Applications

How to apply for an Australian visa

It’s important to obtain and complete the correct form, pay the correct fee and satisfy other requirements such as being inside or outside Australia, as required.

Applications

For most visas where an application is made overseas, you must be outside Australia when a decision is made and for visa applications in Australia, you must be in Australia when the decision is made. If you make a visa application in Australia, you must ensure that you have a visa to return before leaving the country; otherwise, if your application is refused, you may have no right of review. If you apply for a visa in Australia, you’re usually granted a bridging visa to remain within the law if your current visa expires while a decision is being made regarding your application.

You must be careful to indicate the visa class under which you wish to be considered, as your application cannot be considered under any class other than the one noted on your application form. An Application for Migration to Australia form (47) must be completed by all applicants wishing to travel to Australia to live permanently and applications must be sent or delivered to a DIMIA office or an Australian mission overseas with all relevant documentation and the fee.

Family members who apply at the same time can usually apply on the same form and pay just one fee (a child born after an application is made, but before it’s decided, is included in the parents’ application). In certain circumstances, a spouse or dependent child can be added to an application.

Applications for some visas, such as visitors’ visas, may be decided while you wait. In this case, if you’re granted a visa you’re usually given a visa label in your passport. If your application for a visitors’ visa is refused, you're given a notice of refusal. For all other visas, you’re notified of the decision by letter. If you’re refused a visa, you're notified why and, if applicable, where you can apply for a review of the decision and the time limit for doing so.

If you plan to travel to or from Australia while your visa application is being considered (assuming this is possible), you should inform the DIMIA, as a visa will be refused if you’re in the ‘wrong place’ when a decision is made.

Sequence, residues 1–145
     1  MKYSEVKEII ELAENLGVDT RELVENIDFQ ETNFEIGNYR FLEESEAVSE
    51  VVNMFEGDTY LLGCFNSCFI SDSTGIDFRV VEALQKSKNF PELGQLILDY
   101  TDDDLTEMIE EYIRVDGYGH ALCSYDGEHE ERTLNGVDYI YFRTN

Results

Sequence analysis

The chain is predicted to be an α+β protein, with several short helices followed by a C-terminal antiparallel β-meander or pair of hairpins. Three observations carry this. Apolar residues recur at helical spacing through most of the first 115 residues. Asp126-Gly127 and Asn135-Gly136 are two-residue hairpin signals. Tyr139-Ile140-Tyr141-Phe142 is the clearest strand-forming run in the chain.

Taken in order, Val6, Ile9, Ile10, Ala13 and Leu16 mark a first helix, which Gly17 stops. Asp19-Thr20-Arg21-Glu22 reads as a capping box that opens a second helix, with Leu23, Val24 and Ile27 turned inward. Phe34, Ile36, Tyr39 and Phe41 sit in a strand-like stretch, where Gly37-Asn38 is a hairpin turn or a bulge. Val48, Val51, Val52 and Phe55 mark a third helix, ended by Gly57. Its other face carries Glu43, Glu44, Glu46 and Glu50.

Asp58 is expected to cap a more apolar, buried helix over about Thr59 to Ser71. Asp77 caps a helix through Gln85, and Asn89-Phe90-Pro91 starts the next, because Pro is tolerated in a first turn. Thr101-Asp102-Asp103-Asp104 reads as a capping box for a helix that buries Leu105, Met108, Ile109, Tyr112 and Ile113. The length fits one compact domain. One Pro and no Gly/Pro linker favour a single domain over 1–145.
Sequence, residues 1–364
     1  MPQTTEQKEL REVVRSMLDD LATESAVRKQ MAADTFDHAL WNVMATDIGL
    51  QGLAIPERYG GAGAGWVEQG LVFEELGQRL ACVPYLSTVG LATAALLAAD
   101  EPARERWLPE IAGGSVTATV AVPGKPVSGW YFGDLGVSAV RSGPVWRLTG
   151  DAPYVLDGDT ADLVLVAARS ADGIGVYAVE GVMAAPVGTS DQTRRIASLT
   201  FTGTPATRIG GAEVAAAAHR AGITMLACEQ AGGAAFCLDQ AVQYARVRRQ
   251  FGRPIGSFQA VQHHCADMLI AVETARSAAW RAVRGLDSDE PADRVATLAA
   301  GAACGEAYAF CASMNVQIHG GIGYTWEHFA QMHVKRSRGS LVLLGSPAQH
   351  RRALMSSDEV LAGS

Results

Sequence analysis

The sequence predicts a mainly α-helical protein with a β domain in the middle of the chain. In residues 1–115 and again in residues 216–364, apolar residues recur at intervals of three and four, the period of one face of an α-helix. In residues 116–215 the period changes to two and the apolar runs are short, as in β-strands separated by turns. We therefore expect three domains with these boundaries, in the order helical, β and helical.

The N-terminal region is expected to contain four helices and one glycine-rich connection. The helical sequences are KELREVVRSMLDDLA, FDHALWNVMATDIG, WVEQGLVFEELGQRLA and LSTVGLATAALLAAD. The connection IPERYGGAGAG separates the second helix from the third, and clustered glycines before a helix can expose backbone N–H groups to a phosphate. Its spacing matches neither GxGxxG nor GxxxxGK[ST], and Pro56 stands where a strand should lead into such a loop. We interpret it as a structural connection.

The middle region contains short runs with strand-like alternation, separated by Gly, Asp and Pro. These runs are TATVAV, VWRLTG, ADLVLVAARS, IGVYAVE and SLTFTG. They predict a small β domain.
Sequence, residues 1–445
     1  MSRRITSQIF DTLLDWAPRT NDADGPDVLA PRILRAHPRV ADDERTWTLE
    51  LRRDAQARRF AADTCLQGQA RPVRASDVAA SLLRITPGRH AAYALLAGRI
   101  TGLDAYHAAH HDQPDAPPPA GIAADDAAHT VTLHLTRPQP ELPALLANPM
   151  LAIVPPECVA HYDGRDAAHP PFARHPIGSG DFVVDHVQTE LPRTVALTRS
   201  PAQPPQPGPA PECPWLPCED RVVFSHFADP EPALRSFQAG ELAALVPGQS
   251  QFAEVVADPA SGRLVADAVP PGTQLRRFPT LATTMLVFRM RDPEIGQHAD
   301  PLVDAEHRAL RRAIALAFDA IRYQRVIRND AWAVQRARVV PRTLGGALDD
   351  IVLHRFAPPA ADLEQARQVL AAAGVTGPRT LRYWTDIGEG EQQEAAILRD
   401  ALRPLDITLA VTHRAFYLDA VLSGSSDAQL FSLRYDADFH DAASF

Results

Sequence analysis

Extensions & Restrictions

If you wish to stay longer than your visa allows, you should apply for another visa. If your visa expires while you’re in Australia and you haven’t applied for an extension, you’re committing a criminal offence and can be fined, given a suspended prison sentence of up to six months or even deported. If you’re deported, you're usually barred from entering Australia for one to three years. People deported for criminal or security reasons are permanently excluded.

If a visa is granted subject to certain conditions, e.g. restrictions on work or study, you must abide by those conditions or your visa may be cancelled. If you wish to change your visa status, e.g. from a visitor to a student, you must leave the country and make a new application while overseas.

For most visas where an application is made overseas, you must be outside Australia when a decision is made and for visa applications in Australia, you must be in Australia when the decision is made. If you make a visa application in Australia, you must ensure that you have a visa to return before leaving the country; otherwise, if your application is refused, you may have no right of review. If you apply for a visa in Australia, you’re usually granted a bridging visa to remain within the law if your current visa expires while a decision is being made regarding your application.

You must be careful to indicate the visa class under which you wish to be considered, as your application cannot be considered under any class other than the one noted on your application form. An Application for Migration to Australia form (47) must be completed by all applicants wishing to travel to Australia to live permanently and applications must be sent or delivered to a DIMIA office or an Australian mission overseas with all relevant documentation and the fee.

Family members who apply at the same time can usually apply on the same form and pay just one fee (a child born after an application is made, but before it’s decided, is included in the parents’ application). In certain circumstances, a spouse or dependent child can be added to an application.

Applications for some visas, such as visitors’ visas, may be decided while you wait. In this case, if you’re granted a visa you’re usually given a visa label in your passport. If your application for a visitors’ visa is refused, you're given a notice of refusal. For all other visas, you’re notified of the decision by letter. If you’re refused a visa, you're notified why and, if applicable, where you can apply for a review of the decision and the time limit for doing so.

If you plan to travel to or from Australia while your visa application is being considered (assuming this is possible), you should inform the DIMIA, as a visa will be refused if you’re in the ‘wrong place’ when a decision is made.

Extensions & Restrictions

If you wish to stay longer than your visa allows, you should apply for another visa. If your visa expires while you’re in Australia and you haven’t applied for an extension, you’re committing a criminal offence and can be fined, given a suspended prison sentence of up to six months or even deported. If you’re deported, you're usually barred from entering Australia for one to three years. People deported for criminal or security reasons are permanently excluded.

If a visa is granted subject to certain conditions, e.g. restrictions on work or study, you must abide by those conditions or your visa may be cancelled. If you wish to change your visa status, e.g. from a visitor to a student, you must leave the country and make a new application while overseas.

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